One of the solutions lies in 3D printing.
“Products can be designed digitally anywhere, and you can transmit the design on a digital supply chain, perhaps using blockchain and security tech, to cities where they are printed or manufactured on demand using 3D printers. That’s digital manufacturing and it’s already happening in some places today.
“Imagine you go to Amazon, you find a product, you edit it, personalise it, make it yours, and at the push of a button it is printed at a local manufacturing facility and shows up at your door two days later. It’s estimated that we can save 25% of our energy using digital instead of traditional manufacturing. Manufacturing itself takes one-third of energy use the in the world, so it will have a big impact on the world of the future.”
Arthur Goldstuck is founder of World Wide Worx and editor-in-chief of Gadget.co.za. Follow him on Twitter and Instagram on @art2gee
Google launches open-source cloud for enterprises
Vendor lock-in is a thing of the past for Google Cloud users, writes BRYAN TURNER.
A new way for enterprises to use cloud, that prevents lock-in, has been unveiled by Google at its Cloud Next event in San Francisco.
“Cloud Next is held in San Francisco, London, and Tokyo to cater for the various markets,” said Mich Atagana, head of communications for Google Africa. “The event aims to bring together cloud developers to showcase the latest cloud. You can think of it as the Google IO event for executives.”
At a round table, a team of Googlers broke it down for those of us who aren’t cloud developers.
“There’s a lot of technicality in this event, and a lot of the magic could be lost on those who aren’t developers,” said Atagana. “That’s why we’ve assembled our Cloud team to demystify the technicality.”
Shai Morgan, head of Google Cloud Sub Saharan Africa, said: “Cloud Next started four years ago. The first one hosted 3600 attendees, while this year we hosted about 30,000. This shows the way Google moves across the industry and how we address businesses. We’ve seen large growth in our partner ecosystem. It used to be very niche players, and now it’s big players like Accenture and Deloitte using Google Cloud.”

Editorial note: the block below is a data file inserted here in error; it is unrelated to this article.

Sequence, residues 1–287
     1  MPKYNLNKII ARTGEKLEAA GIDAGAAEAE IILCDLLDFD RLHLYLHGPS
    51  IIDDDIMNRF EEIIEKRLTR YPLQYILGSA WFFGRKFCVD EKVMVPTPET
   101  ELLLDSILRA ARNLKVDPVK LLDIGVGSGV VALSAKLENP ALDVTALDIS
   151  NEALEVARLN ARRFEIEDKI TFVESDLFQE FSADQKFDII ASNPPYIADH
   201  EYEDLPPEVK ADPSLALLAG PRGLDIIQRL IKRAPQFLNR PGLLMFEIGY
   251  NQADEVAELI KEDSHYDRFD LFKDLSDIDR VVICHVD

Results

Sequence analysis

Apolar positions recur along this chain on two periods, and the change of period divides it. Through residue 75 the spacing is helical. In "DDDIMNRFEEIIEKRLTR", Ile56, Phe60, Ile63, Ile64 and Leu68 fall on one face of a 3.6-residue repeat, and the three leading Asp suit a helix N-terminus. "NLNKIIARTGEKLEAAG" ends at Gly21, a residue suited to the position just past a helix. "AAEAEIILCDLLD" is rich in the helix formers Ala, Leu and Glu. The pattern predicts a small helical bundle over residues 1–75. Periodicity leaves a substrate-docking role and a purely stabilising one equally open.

Daniel Acton, regional tech lead for Cloud at Google, said: “We had a new CEO come in [for Google Cloud] and he said it’s all fair and well to talk about the benefits of the cloud, but it’s not always attainable for business.”
This is where Google comes in. It launched new products to assist businesses in customising the cloud, the transition to cloud platforms, and how much must remain on-premise.
First up is Anthos, a management system for hybrid environments.
Acton said: “Anthos addresses the journey to the cloud. Businesses know that this journey doesn’t happen at the snap of the fingers. Executives have to make carefully calculated decisions on how to get there. There’s also lots of friction to get to the cloud, with a big factor being cloud vendor lock-in.”
“One way to move a business to the cloud is through a ‘lift and shift’, which is simply moving all the components of the business off-premise and on the cloud. This isn’t always what a business needs. Anthos deals with “infrastructure modernisation”, which is how we go from what we got to what we need. That’s because not everything should be in the cloud.
“We give businesses that option for hybrid infrastructure. Anthos exists to help customers on their journey to the cloud. We realise this is a multi-cloud environment and provide our customers on-premise, a bridge, and computation on the cloud, for example.”
Morgan expanded on this and said: “It’s a bridge to the cloud and a very well managed bridge at that. For an enterprise customer, it’s complicated to move assets, manage skillsets, all while thinking about lock-in to a cloud vendor. Open source in an enterprise environment prevents lock-in. We work very closely with existing vendors, walking with them in their cloud journey but they can leave at any time.
“Anthos can run on Amazon Web Services (AWS) and Microsoft Azure. That’s the beauty of Open Source, no lock-in. Containerising is a method that’s popular in the cloud developer environment but moving these containers across these environments is not trivial currently. Anthos allows this to happen.”
This brings the second major feature: serverless computing.
Containers and serverless computing go hand-in-hand. Acton explained that containers are like pre-setup computers, where a developer doesn’t have to spend time setting up a virtual environment and can focus on writing code, which ultimately delivers business value. He compared the proliferation of containers to Java, with the “write once, run anyway” phrase.
Serverless computing is split into many levels. At a low level, the Google App Engine allows developers to write code, and it takes care of hosting and handling the load. This is similar to the AWS Lambda service.
The enterprise nature of Google Cloud is not exclusive to large enterprises.
“We address very small businesses as we treat our consumers,” said Morgan “They most likely use Gmail, Drive, Docs, and Calendar because those products are free and very easy to handle. Setting up an enterprise cloud environment is quite complicated.
“If one invests enough time and energy, one can start a business that adds value and has its computing backed by Google Cloud.”